Edited By Tim Taylor 2 on 17/02/2019 01:30:05
|Thread: How many threads please?|
This is an excellent point. I would suggest using one of the thread sealing compounds designed for steam use - they come in a paste compound that typically includes nickel and copper, and are non-hardening, making later removal easier.
|Thread: What Did You Do Today 2019|
Finally got around to making the final design changes for home/limit switch housings for my mill...
|Thread: Micrometer woes|
I have a number of 50+ year old internal & external mics that originally belonged to my Dad - all have felt lined wood cases........
|Thread: Testing for isolation|
Distance from the substation is not a factor - I have seen downed 12.KV distribution lines lay on the ground and continue to arc for quite a while( and cutting a trench in the asphalt street in the process) until utility crews arrived to disconnect them
The fault current is based on the full load current of the power transformer and it's %Z (impedance). All transformers have impedance, and it's generally expressed as a voltage percentage. This is the percentage of normal rated primary voltage that must be applied to the transformer to cause full-load rated current to flow in the short-circuited secondary. For instance, if a 480V/120V transformer has an impedance of 5%, this means that 5% of 480V, or 24V, applied to its primary will cause rated load current flow in its secondary. If 5% of primary voltage will cause such current, then 100% of primary voltage will cause 20 times (100 divided by 5) full-load-rated secondary current to flow through a solid short circuit on its secondary terminals. Obviously, then, the lower the impedance of a transformer of a given kVA rating, the higher the amount of short-circuit current it can deliver.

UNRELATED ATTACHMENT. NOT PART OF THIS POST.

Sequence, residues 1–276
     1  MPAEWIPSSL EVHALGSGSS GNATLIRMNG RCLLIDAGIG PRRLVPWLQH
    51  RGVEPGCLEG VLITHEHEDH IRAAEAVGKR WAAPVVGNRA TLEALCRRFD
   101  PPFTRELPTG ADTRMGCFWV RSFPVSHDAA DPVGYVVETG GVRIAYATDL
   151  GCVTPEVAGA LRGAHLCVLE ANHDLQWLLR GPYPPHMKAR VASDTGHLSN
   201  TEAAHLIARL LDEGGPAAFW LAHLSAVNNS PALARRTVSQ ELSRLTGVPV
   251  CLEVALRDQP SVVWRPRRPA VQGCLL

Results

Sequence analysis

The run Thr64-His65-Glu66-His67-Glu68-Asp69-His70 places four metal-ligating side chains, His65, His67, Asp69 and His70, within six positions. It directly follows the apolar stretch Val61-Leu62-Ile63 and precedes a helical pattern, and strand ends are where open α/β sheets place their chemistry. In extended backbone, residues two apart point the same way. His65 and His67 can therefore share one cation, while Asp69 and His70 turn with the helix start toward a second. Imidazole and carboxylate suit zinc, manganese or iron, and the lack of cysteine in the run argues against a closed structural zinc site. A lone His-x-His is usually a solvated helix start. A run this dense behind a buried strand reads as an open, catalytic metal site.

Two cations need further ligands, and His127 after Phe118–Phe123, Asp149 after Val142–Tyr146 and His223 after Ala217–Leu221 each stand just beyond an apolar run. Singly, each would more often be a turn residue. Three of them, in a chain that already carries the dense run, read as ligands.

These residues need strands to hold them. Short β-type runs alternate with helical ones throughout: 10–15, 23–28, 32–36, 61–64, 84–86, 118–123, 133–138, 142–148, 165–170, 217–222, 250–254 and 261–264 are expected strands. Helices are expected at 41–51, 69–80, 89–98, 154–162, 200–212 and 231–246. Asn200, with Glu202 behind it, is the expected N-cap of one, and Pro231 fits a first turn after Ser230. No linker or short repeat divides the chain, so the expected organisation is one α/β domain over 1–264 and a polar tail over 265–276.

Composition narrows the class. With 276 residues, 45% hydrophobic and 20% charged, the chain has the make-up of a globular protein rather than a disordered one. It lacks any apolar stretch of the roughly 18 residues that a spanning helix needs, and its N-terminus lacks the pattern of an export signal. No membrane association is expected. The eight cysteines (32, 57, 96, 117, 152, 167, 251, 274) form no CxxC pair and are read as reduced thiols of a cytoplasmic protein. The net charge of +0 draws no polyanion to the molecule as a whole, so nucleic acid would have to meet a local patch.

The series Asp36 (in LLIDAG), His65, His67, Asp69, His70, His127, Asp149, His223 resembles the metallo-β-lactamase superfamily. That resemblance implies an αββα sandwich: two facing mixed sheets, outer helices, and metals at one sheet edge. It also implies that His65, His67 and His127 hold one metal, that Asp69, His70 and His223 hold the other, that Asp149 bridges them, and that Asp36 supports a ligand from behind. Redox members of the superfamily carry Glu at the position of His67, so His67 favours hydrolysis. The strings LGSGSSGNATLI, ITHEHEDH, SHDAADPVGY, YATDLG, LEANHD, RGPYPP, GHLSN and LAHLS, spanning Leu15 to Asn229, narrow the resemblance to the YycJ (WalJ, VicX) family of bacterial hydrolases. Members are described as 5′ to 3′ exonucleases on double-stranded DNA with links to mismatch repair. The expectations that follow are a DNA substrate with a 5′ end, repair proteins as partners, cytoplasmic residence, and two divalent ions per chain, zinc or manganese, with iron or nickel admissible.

Certainly the current rating of a transformer feeding a group of residences is less than would be found in an industrial environment, but it is still large enough to be a very significant hazard.
Ah yes, the venerable Tesla coil!
I built a table top version as a project for my high school physics class and displayed it as part of our annual tech show. For the demo I would hold a fluorescent tube in my hand and draw a corona streamer from the coil to the tube, lighting the tube - not that impressive until I also held a tube in my other hand away from the coil and it would light as well, though not as brightly.